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Writing Journey: Journal Entry 77

June 29, 2022

Week 90

Emotional State: Existential Reflection


I’m on a mission to improve my writing. I’m writing more than I ever have, but I don’t know if the growth I’ve achieved is what it should be. I want to be a good writer. I want to craft sentences that make me ponder, cry, laugh, and get sucked in, just like all my favorite authors. One way I’m doing this is to write more. And I am – a lot more. Another way is to learn from those who have gone before.

There is a lot of information out there about how to write, how to edit, how to publish. From books, blogs, Youtube, Tiktok, Instagram – everyone thinks they have the secret keys to being a good writer and author. And I’ve read a lot of them. Some have been helpful, some not, as is the way of things when someone tells you how to do something.

It may resonate with where you are at or it won’t. It can be helpful or harmful. It could be some of it works for where you are now, and some of it resonates a year from now. I’ve not seen anything particularly egregious nor patently wrong, but I have seen some fluffy how to write books that I was glad I read for free on KU.

That leads me to my latest dilemma. Or conundrum. Or existential crisis.

I started a new craft book, How to Write a Novel by Harry Bingham. His perspective is on the language we use to convey our stories. I was particularly intrigued by this book because it focuses heavily on words as I am still in the editing throes of multiple books. I want to know not only how to improve as I edit but also as I draft, so that I can edit less (I hope that is an achievable goal but I’m not sure).

This book goes into great detail on precision of word choice and a less is more slant. He argues that every word should be chosen with purpose. Remove those adverbs and adjectives, unless they bring something to the content. He provides loads of examples and it’s all good.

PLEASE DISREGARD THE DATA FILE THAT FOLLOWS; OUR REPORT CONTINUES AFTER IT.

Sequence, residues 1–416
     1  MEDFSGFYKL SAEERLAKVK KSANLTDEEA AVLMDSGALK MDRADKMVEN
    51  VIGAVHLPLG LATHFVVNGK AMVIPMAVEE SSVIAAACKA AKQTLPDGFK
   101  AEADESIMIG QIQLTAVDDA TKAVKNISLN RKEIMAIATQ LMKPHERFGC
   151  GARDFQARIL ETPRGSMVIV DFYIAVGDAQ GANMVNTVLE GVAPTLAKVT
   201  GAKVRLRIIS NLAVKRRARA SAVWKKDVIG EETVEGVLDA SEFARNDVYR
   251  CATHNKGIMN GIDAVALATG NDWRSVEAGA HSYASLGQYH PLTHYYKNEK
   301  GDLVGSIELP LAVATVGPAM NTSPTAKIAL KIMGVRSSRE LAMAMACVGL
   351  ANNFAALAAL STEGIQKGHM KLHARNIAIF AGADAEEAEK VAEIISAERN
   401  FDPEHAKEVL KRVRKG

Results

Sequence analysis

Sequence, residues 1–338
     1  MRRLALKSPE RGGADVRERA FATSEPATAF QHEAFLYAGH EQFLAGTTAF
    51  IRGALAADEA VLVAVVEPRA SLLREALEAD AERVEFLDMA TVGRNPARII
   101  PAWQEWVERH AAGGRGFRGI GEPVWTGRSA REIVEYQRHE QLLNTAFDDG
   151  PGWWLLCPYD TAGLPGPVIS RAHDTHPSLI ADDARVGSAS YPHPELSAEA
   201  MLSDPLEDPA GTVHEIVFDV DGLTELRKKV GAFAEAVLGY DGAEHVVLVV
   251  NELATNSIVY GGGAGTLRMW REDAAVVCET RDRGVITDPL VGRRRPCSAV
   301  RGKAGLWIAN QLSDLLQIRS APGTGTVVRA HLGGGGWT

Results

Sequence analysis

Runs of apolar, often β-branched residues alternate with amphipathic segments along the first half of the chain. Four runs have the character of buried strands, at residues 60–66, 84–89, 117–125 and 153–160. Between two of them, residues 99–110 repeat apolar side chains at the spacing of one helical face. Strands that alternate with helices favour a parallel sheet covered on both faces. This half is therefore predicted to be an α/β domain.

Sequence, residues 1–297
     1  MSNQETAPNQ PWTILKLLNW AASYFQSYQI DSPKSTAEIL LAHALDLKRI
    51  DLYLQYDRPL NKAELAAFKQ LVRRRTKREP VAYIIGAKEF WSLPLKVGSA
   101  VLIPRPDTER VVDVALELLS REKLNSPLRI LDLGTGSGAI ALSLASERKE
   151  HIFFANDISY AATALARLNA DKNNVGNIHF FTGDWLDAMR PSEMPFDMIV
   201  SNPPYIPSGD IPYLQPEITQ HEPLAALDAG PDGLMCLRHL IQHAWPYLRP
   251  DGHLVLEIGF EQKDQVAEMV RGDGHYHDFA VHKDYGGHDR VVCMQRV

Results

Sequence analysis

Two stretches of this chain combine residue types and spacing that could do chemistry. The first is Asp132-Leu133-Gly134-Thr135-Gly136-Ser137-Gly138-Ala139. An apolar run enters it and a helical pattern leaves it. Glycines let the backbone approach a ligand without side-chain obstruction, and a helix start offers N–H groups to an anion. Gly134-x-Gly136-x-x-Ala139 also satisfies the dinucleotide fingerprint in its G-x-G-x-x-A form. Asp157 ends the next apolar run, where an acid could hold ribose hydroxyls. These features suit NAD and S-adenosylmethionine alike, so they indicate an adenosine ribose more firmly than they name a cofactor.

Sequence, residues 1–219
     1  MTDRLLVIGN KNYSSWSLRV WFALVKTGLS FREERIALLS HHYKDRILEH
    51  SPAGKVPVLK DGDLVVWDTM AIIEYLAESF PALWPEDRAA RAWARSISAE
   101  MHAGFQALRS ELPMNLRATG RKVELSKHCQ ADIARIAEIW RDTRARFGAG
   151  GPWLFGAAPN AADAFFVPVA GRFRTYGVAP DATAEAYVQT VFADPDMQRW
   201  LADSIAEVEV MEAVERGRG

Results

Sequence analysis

Except for that existential crisis.

I decided to try this out on my current paranormal cozy first chapter. I stripped out all the adverbs and adjectives, took it down to the bare bones and then read it again. It was better. I readded the necessary adjectives, making sure they added to the content and created a fun concept of a monotone existent with bright flashes of color to create an image of my character’s journey.

That was the good part.

But then the existential crisis commenced. How much of what I write is the story, the words on the page, and how much of is it my voice? An author’s voice, as I’ve come to find out, is incredibly hard to pin down.

It’s not the story, the structure, or even how your characters act. It’s less specific than that. But did I remove my author voice by removing all the ‘fluff’ in that chapter? And did I take it too far away from the character I’m representing on the page?

Cue the crisis and a check in on Twitter, that funny app that most people think is toxic, but that I use as my writing community. The writing community on Twitter is supportive, helpful, funny, inane, and at points, also toxic, but I’ve blocked and refined my feed to only really show me the good stuff. Which is why I like it. It works for me.

What I found from my not-so-scientific poll is that no one can tell you what their voice is. It’s this subtle quality underneath the words – the phrases you’re most likely to use, the way in which you put your sentences together. You know what it is, even if you can’t describe it.

Feeling better about my author voice and having not completely lost it by being precise, I then decided I stripped out too much. My first chapter had a different tone than the rest of the book – bleaker, darker, and more thriller noir than a funny and warm set up for a story. So, I added a few things back in to make it fit better to the journey my character is on, while keeping it precise.

While not perfect, and by no means have I managed to do it for other chapters, it has shown me that I can write more genres than I think. It has also given me a new benchmark to hit with writing and editing. The more I practice it, I hope the easier it gets, but we’ll see. If nothing else, it’s been a fun way to play around with the words I throw down on a page.

And isn’t that what writing is all about?